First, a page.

June 2022 Newsletter
the power of PLACE
Chasing Dragons: From the Royal Observatory in Greenwich to an Outhouse in Gothic
This spring my family visited London, taking one last family trip after opportunities lost to covid before our oldest son leaves for college. A highlight was visiting the Old Royal Observatory. Stepping off a ferry on the Thames, we grabbed a coffee in Greenwich Village, walked past the National Maritime Museum (“Dad, how can you spend so much time looking at old things??”), through the park to see an early “field site”; the observatory was commissioned in 1675 by King Charles II. Appointed royal astronomer John Flamsteed and his family stayed rent free. But charged with tracking the motions of heavens, he kept odd hours.
Astronomy was important because of longitude. For better and worse, ships were pouring out of the Thames mapping the world, “chasing the dragons away.” A look at the Hunt-Lenox Globe, ca. 1510, reveals “Hic sunt dracones,” or “Here be dragons.” Dragons existed, but since nobody knew where, they had to be in regions unexplored. As mapmakers filled in blank spots, the dragons fled.
Not all ships returned. However, if captains knew where they were relative to reefs and shorelines, they would be more likely to bring their crews back alive. Using a sextant to measure the angle of the noon sun for latitude (north/south) was easy. Knowing longitude (east/west), however, involved tracking noon in Greenwich. Clocks of the time did not hold up to humidity and the rocking of the ships. Hence astronomy.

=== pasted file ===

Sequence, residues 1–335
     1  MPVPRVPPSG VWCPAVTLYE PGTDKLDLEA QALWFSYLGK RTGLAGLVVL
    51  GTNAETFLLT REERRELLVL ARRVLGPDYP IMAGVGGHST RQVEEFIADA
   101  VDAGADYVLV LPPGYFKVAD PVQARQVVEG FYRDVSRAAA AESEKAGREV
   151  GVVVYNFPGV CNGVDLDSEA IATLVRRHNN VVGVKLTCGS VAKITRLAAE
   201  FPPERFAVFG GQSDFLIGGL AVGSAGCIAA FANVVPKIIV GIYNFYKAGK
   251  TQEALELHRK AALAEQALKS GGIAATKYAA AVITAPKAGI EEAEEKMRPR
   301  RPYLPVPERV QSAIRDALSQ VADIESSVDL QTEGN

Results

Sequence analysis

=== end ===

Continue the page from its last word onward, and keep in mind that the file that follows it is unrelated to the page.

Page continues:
Time is an important theme at RMBL. RMBL’s drones and sensors depend critically upon time to make precise measurements. Another example: Dr. Colin Pittendrigh, father of the biological clock, grew fly larvae varying light (Gothic outhouse), temperature (East River), and pressure (pressure cooker), finding an internal clock (think jet lag). In a small way this led to a Nobel Prize in Physiology awarded for elucidating the molecular mechanisms of the biological clock.
Ian Billick | PhD
Executive Director, RMBL
Honoring a Legacy
For decades, RMBL has hosted world-renowned scientists, supporting their research with field sites, lab facilities, housing, technological and logistical assistance, and access to historic data. We have achieved this as an independent, nonprofit field laboratory, not affiliated with an academic institution or the government. What keeps RMBL in operation is philanthropy. From the work of volunteers to seven-figure donations, we celebrate all the philanthropic acts that sustain us and acknowledge the donors behind them. Some givers relish the public attention. Sandra Estess is not one of those.
She’s not interested in seeing her name in lights. Yet she and the Estess children — Elizabeth, Catherine, and Blake — are making a $2 million gift to RMBL to purchase the land for a year-round campus at Mt. Crested Butte. The gift is made in honor of their father and Sandra’s husband, Dr. Henry Estess, who died in 2018 at the age of 80.